As for SS, after seeing how little an extra couple paid into SS increases my eventual benefit, I'm glad I'm not putting much into SS these days. I'm not sad about having a $12,000/yr (in 2015 dollars) safety net at age 67 (in 33 more years!), but having all of the tens of thousands I paid into SS back would be pretty awesome.
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Old 03-23-2015, 03:40 PM   #9
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+2. If you contribute to the program, maximize matching where offered, and follow basic investment principles - it is a very effective, valuable, portable way to accumulate a nest egg.
Nail-head !
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Old 03-23-2015, 03:51 PM   #10
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It's not the 401k plan that has fallen short.
+1
How many that were in management were required to give the 401k talk every year. I got sick of that.
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Old 03-23-2015, 04:09 PM   #11
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True, the plan is just fine. Most people here talk about how the failure is with the spendthrifts and that is partially to blame but the main problem is low wages. You can't max out your 401K if you gross $25K/yr. If you gross $125K/yr then there's no one to blame but yourself.
But if you gross $25k, presumably you live on $22k or less after taxes and other deductions are taken out and SS will cover a lot of that and you don't need to max out a 401k to make up the gap.
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Old 03-23-2015, 04:22 PM   #12
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But if you gross $25k, presumably you live on $22k or less after taxes and other deductions are taken out and SS will cover a lot of that and you don't need to max out a 401k to make up the gap.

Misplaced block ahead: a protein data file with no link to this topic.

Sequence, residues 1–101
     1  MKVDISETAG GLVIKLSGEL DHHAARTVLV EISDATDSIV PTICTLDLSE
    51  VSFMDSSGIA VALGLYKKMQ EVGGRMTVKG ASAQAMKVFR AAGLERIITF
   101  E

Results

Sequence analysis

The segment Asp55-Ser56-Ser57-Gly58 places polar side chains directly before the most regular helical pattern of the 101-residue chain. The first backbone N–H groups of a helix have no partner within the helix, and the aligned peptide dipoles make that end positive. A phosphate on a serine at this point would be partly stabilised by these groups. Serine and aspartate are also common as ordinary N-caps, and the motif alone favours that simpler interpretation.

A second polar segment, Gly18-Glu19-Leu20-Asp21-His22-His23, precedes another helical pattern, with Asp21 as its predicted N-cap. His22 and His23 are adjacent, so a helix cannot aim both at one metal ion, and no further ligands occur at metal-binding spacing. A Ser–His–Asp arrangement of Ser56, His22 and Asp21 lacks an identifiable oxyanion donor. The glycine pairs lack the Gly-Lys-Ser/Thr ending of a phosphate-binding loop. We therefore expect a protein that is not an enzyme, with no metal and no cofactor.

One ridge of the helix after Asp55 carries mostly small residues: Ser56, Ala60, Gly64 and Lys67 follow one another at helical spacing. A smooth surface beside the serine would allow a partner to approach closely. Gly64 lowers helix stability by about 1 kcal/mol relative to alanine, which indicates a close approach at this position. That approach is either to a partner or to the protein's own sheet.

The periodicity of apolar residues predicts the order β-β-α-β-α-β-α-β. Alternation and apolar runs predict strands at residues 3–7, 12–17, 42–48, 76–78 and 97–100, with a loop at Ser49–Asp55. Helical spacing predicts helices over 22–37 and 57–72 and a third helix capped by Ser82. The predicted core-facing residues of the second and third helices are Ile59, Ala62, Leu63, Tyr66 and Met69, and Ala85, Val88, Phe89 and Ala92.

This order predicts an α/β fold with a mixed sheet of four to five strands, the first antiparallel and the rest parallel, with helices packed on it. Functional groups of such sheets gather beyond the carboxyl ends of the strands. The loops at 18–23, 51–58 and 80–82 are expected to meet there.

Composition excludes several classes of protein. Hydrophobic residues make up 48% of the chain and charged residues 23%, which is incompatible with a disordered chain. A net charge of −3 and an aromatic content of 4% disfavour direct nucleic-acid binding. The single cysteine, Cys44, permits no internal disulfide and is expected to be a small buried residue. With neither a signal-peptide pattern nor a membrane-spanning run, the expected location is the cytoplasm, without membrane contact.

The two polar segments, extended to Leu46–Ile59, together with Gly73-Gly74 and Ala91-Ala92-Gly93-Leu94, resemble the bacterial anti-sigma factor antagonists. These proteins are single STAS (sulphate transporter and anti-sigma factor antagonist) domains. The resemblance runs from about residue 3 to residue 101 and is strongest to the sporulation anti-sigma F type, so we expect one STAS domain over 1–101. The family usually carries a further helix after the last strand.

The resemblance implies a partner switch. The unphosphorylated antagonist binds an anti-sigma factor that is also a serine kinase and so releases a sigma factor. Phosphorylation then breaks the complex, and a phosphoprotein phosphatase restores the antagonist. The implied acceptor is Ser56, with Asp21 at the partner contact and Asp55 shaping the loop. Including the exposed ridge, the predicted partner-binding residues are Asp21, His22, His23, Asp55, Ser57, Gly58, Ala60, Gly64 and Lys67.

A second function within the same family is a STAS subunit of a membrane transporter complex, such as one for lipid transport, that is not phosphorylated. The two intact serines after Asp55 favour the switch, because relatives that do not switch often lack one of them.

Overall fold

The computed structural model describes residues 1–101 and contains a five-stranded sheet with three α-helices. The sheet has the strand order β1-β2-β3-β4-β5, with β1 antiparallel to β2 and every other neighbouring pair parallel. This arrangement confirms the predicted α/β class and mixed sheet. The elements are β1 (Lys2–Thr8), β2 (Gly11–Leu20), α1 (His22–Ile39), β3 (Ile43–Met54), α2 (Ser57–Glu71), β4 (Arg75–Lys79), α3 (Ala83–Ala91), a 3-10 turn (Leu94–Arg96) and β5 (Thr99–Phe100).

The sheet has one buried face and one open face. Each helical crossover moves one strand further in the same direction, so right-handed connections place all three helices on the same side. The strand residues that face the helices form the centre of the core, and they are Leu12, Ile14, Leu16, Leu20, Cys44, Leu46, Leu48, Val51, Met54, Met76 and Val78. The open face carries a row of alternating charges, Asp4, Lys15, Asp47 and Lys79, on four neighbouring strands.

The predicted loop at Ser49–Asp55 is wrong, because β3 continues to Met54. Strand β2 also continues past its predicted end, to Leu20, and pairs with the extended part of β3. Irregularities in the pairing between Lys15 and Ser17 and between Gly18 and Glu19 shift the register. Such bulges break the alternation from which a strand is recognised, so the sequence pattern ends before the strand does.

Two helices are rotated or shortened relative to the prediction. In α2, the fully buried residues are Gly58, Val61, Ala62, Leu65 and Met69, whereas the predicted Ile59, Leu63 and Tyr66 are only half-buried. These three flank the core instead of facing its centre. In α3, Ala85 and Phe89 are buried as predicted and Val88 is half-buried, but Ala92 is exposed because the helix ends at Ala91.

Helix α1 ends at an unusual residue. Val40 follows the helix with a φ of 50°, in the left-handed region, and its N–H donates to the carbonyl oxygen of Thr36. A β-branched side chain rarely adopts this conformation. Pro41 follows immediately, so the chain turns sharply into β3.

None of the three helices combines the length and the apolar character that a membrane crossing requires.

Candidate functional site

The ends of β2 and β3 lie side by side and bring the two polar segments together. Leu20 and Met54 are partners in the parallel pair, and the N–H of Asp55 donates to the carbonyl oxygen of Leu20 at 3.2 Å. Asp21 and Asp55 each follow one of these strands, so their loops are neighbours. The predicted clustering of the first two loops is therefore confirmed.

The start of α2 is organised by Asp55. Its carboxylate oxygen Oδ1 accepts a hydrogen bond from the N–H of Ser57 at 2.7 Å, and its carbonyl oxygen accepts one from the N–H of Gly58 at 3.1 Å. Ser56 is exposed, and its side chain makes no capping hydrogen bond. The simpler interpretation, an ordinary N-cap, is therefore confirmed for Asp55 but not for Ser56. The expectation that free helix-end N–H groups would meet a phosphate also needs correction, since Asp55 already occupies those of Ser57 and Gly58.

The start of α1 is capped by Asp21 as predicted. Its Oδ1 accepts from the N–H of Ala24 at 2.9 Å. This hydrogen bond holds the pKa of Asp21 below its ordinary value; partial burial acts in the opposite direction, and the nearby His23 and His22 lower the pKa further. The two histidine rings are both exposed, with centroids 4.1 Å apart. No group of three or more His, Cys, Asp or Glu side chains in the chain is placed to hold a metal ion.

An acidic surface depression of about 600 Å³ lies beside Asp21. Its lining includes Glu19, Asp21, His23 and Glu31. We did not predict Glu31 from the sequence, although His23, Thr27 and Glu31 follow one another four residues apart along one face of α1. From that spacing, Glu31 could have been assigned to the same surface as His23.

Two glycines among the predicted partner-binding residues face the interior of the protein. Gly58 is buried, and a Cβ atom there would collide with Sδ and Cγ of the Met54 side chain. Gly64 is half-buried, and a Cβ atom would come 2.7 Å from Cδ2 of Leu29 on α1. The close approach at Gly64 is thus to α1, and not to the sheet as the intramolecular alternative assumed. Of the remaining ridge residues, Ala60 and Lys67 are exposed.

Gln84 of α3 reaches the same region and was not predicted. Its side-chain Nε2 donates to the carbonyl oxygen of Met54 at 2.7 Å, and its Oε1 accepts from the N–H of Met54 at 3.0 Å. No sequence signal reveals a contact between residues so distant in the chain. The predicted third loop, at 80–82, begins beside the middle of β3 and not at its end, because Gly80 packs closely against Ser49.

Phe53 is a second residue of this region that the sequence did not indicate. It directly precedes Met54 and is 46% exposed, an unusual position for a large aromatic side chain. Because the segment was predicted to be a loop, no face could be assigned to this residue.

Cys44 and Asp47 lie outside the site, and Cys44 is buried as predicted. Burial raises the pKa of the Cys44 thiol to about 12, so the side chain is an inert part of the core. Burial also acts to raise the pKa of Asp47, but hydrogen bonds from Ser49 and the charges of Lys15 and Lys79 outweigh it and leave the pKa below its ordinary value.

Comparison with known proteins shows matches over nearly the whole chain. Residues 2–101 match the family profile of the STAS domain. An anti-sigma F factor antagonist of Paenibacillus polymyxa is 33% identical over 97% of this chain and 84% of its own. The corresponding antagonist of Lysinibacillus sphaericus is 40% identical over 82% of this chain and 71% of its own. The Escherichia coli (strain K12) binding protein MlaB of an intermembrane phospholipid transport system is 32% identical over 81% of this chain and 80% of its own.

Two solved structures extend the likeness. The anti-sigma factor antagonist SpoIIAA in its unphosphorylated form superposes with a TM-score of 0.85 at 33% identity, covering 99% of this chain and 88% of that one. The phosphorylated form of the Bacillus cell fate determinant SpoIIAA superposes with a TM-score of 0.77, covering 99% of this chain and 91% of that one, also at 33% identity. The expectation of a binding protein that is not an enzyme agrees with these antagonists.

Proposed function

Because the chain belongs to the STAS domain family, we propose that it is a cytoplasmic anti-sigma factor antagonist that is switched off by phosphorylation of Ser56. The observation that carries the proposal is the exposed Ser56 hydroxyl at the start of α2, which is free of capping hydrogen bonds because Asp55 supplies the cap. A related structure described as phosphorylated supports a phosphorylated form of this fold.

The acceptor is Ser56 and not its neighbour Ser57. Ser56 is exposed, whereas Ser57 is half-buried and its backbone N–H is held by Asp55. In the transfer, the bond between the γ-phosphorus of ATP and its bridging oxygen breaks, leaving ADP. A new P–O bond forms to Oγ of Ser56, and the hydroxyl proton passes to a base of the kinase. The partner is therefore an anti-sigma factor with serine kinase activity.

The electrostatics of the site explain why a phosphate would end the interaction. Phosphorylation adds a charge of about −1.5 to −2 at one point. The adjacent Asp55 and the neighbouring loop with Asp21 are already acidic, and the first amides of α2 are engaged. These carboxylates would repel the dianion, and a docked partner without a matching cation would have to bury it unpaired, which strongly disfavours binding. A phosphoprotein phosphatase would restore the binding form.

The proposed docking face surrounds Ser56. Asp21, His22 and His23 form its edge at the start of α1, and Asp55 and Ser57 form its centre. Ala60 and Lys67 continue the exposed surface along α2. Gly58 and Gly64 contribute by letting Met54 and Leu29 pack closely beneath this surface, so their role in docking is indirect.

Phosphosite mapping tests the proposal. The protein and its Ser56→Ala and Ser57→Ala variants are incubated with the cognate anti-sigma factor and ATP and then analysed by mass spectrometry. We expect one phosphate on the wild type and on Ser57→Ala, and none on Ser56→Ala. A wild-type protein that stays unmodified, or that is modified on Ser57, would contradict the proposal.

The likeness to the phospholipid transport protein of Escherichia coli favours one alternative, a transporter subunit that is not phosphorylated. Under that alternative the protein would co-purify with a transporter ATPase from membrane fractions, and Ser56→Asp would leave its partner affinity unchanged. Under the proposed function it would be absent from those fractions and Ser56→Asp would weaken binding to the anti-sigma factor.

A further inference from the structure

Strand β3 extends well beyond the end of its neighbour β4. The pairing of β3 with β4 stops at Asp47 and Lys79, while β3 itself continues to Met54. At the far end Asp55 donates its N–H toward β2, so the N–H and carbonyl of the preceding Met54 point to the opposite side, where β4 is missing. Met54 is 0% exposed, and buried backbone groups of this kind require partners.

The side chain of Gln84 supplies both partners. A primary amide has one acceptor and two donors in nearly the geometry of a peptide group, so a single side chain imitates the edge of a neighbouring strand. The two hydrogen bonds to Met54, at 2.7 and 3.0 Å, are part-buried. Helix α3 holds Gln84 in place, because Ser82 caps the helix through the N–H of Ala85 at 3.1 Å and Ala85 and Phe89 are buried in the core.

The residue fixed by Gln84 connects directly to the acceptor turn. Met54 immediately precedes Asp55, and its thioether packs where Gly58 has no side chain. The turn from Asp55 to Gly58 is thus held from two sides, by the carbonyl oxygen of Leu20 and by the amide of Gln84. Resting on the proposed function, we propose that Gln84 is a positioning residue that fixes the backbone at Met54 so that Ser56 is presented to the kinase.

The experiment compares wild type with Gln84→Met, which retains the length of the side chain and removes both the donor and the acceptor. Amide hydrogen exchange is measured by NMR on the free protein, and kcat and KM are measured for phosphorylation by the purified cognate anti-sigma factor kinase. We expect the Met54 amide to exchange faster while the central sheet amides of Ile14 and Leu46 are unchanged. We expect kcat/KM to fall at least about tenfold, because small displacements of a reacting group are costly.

Someone starting out in the work force today and making $25K/yr every year until age 67 would only get $1145/mo or $13,740/yr in SS. That's a pretty big cut in pay for someone who already could barely get by let alone save for retirement. A lot of people in that income range work physically demanding jobs and probably can't work until age 67 so their benefit would be even lower.
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Old 03-23-2015, 04:28 PM   #13
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An additional +1 on GrayHare's comment. When I was working, I kept thinking to myself why did they limit it to just 17k / year. I would have killed for higher limits.
$17K seems generous compared to what I had to deal with. Started out at $9.5K, and no catchup. Then, one of the companies I worked for didn't have enough lower wage workers using the 401k, so I got locked-out due to being categorized as "highly compensated". So I although was maxed out through 2003, during the five years from 2004 through 2008 I was only able to average $8K per year! That set me back over 30 grand.


http://fmiretirementservices.com/ind...1k-limit-graph
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Old 03-23-2015, 04:28 PM   #14
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I guess as a data point, I need to admit that my 401k has around $63,000 in it and I'm now retired. I don't have any financial concerns despite having small non-COLAd pensions. I won't bring up what my IRAs and taxable account balances are.